Anchored by Jake Tapper, The Lead airs at 4 p.m. ET on CNN.
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When a tornado with the force of an atomic bomb slams into a community as it did in Moore, Oklahoma, safe rooms can mean the difference between life and death.
That is why a lot of questions are being raised about why so many homes and buildings in Moore lacked safe rooms, including the two schools directly hit by Monday's tornado.
Jeff Rodgers had an $11,000 tornado safe room installed at his Shawnee, Oklahoma, house just a week ago. Four days later, the tornado passed by his backyard.
"From seeing the destruction at Moore, and seeing the destruction half a mile from us, you need to have a safe place to go in Oklahoma," said Rodgers.
Rodgers tried applying for federal money, but said he could not get it, so he paid for the safe room out of his own pocket. Residents in nearby Moore were not so fortunate.
Oklahoma officials said they have asked for money from the Federal Emergency Management Agency to build shelters, but have been stymied by red tape for more than a year.
The city expressed its frustrations on its website in February, writing, "We've found that the FEMA requirements and their interpretations seem to be a constantly moving target."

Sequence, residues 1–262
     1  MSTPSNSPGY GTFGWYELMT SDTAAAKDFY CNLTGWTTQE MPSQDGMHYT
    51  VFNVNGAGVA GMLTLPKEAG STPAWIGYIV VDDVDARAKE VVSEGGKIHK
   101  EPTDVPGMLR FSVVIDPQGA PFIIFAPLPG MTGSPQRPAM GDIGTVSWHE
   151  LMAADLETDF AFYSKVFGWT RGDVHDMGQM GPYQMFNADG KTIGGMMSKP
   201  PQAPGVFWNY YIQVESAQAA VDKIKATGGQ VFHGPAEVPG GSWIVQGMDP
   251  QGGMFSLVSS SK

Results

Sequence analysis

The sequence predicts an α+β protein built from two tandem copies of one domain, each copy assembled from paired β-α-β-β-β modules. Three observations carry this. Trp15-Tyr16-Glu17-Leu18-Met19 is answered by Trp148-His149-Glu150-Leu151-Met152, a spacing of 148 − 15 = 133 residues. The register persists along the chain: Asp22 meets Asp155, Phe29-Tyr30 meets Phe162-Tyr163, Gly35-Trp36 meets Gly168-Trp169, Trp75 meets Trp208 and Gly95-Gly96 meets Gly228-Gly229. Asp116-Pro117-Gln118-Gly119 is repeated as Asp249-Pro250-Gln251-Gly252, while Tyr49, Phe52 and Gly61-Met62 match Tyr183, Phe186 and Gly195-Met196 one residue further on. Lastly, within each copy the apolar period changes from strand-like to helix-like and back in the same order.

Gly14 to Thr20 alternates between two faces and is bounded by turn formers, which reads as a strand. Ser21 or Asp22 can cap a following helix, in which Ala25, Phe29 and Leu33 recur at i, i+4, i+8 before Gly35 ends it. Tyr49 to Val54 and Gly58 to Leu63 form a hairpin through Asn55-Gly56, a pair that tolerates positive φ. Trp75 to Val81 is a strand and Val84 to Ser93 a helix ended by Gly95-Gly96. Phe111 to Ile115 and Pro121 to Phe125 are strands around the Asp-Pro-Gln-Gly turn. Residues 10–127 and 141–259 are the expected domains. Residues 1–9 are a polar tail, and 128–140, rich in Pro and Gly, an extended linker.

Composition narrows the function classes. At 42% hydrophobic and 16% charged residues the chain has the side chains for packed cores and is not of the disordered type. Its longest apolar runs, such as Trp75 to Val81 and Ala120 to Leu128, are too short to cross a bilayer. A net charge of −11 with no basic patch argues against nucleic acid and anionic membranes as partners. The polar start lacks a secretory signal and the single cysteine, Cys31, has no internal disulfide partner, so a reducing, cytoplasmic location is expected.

City officials said FEMA allows grants after the president signs a disaster declaration, when it is too late.
FEMA spokesman Dan Watson said Wednesday that FEMA has yet to receive plan. The agency said it has funded hundreds of safe rooms in the Oklahoma area, including many in the path of Monday's tornado.
"Over 10,000 have been built – more than any other state – but again, every time a disaster happens there's more calls for this. And it's not only the building of safe rooms, but making sure they are built to the right standards," said FEMA's Craig Fugate.
Andrew Zagorski, who built Rodgers' safe room, blames fraud, not FEMA, for slowing down the construction of more safe rooms throughout the area.
"It's sad to say there's been a lot of scam artists involved in this project. They were giving out rebates for the longest time. But FEMA pulled their money out of the state because it was going to cellars not safe rooms," Zagorski said.